Ironically enough both Capitalism and Communism, once stripped of their labels, are very similar in terms of operation. In broad strokes, the former believes in the power of the enterprise and its devotion to providing increasing value while the latter believes in the power of the State and its ability to provide increasing, constant value. I know purists here will jump up and down, cry “free market”, “ownership of labour” and “collectivization of property” and I will point out that I did say in broad strokes. Within their specific value systems both Capitalism and Communism are processes designed to produce value (one for its shareholders and the other one for its social stakeholders) and each, in its own way, grinds up individuals in the process and spits them out like so much chaff.

It is ironic that in order to be made to work properly both processes need intervention. In a Yin and Yang kind of symmetry Capitalism needs to be regulated by the state while Communism (had it still been around) would have to be regulated by the individual. The apparent triumph of Capitalism, far from creating an imbalance in the world has only accelerated the rate at which society has evolved to the point that it now demands change clearer and louder than any government could.

Big Business is Challenged by Social Media

It is worth noting that, again, labels are misleading here. To assume that somehow Big Business is intentionally ‘evil’ or uncaring. That large corporations set out to pillage the earth of its resources is to fail to grasp the fact that these are entities governed by processes, and just like a tank, set into motion can cause untold damage in its path because it is… a tank, so do modern businesses, know little better.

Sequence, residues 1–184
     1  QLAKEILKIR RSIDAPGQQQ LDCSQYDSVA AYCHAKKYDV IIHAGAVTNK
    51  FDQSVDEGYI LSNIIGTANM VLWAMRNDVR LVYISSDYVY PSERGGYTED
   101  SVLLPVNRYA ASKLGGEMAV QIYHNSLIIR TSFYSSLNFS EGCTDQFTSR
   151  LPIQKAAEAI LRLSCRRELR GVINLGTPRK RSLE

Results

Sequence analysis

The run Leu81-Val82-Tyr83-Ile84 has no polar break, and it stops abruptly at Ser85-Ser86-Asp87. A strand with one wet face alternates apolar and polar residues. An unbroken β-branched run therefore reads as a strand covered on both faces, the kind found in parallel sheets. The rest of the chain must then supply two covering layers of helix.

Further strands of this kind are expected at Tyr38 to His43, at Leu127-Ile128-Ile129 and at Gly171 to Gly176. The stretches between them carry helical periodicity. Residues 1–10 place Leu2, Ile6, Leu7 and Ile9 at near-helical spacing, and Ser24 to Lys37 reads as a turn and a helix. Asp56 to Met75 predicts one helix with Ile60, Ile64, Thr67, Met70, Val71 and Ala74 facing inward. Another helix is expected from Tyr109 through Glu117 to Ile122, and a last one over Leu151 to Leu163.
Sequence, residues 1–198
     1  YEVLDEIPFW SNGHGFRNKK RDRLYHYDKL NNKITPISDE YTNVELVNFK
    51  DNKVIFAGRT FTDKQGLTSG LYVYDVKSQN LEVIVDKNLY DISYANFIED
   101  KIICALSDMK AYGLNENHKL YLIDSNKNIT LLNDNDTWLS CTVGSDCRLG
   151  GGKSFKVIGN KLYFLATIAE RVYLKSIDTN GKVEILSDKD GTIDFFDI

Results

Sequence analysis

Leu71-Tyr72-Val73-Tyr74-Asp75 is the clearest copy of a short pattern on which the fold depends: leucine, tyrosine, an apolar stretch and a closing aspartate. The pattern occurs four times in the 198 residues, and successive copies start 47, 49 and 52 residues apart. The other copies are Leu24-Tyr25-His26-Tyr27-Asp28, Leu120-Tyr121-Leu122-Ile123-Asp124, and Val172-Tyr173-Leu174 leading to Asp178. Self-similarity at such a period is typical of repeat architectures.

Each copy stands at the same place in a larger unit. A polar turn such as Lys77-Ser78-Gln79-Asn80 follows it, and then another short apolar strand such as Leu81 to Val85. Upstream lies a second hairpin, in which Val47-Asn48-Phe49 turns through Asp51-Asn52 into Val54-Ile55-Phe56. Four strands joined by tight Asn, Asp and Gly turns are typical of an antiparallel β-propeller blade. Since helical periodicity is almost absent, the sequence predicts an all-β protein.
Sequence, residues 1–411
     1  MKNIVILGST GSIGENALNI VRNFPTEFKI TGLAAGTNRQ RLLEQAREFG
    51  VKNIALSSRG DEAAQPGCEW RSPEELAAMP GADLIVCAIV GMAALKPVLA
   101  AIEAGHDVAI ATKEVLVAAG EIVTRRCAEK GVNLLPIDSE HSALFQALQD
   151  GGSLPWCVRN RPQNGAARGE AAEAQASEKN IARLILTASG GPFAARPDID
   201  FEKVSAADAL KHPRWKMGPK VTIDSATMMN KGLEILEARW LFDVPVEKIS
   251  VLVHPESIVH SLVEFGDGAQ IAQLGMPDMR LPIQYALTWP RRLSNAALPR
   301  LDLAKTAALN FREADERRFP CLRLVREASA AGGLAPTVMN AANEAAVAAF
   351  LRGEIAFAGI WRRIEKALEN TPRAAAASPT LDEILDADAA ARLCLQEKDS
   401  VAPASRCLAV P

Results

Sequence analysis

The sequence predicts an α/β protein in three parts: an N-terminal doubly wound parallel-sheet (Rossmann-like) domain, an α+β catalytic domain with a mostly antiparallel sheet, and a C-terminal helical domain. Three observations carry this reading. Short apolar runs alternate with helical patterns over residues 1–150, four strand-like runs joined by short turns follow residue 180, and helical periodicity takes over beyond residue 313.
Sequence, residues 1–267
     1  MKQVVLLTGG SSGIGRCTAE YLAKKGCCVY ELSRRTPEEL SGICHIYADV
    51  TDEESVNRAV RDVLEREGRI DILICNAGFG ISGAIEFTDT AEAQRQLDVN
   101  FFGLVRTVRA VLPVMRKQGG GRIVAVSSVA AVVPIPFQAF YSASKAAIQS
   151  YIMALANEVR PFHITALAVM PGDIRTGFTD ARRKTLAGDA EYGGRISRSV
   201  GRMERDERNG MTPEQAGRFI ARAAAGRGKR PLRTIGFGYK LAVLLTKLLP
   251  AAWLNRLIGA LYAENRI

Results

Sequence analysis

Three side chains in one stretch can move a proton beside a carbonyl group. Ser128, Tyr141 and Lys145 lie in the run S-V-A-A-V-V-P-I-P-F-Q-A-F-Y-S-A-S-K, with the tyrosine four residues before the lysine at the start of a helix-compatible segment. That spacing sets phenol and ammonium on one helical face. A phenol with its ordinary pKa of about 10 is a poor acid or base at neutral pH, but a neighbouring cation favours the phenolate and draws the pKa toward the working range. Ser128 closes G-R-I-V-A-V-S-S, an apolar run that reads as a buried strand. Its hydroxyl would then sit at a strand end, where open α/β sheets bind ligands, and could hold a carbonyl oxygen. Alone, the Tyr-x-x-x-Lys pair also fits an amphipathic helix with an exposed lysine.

The fact that change may be finally happening is powered by the ascendance of non-profit organisations like Ashoka which are able to help social entrepreneurs, once more gain traction (the video below explains what the organisation is)

and companies like Unilever which in a recent conference designed to bring together professionals from different areas of the business place in order to re-examine and help take the first steps towards a more cooperative way of doing business were not shy of using terms such as:  "responsible capitalism", "popular capitalism" and "an end to predatory capitalism".  

Capitalism, in its old environment-churning, people-chewing form may indeed be reaching the end of the road as we have known it and we may, indeed, be entering a brand new era where we shall re-define how business works with new double bottom line approaches to business and enterprises with a true social conscience.

What we need to do is continue to use our social media connections to demand change. Just like The Nation’s John Nichols so eloquently explained social media pressure made political rhetoric in America change within a year. In order to change business and politics we just need to remain non-complacent.


Related Posts

How Social Media is Helping Businesses Develop a Conscience
Social Media and the Future of Greece
Social Media Use and the Future of Capitalism
Why are People Poor?
The anachronism with capitalism

External Links

Francis Fukuyama
John Nichols: From Wisconsin to Zuccotti Park
Social Conscience and Enterprise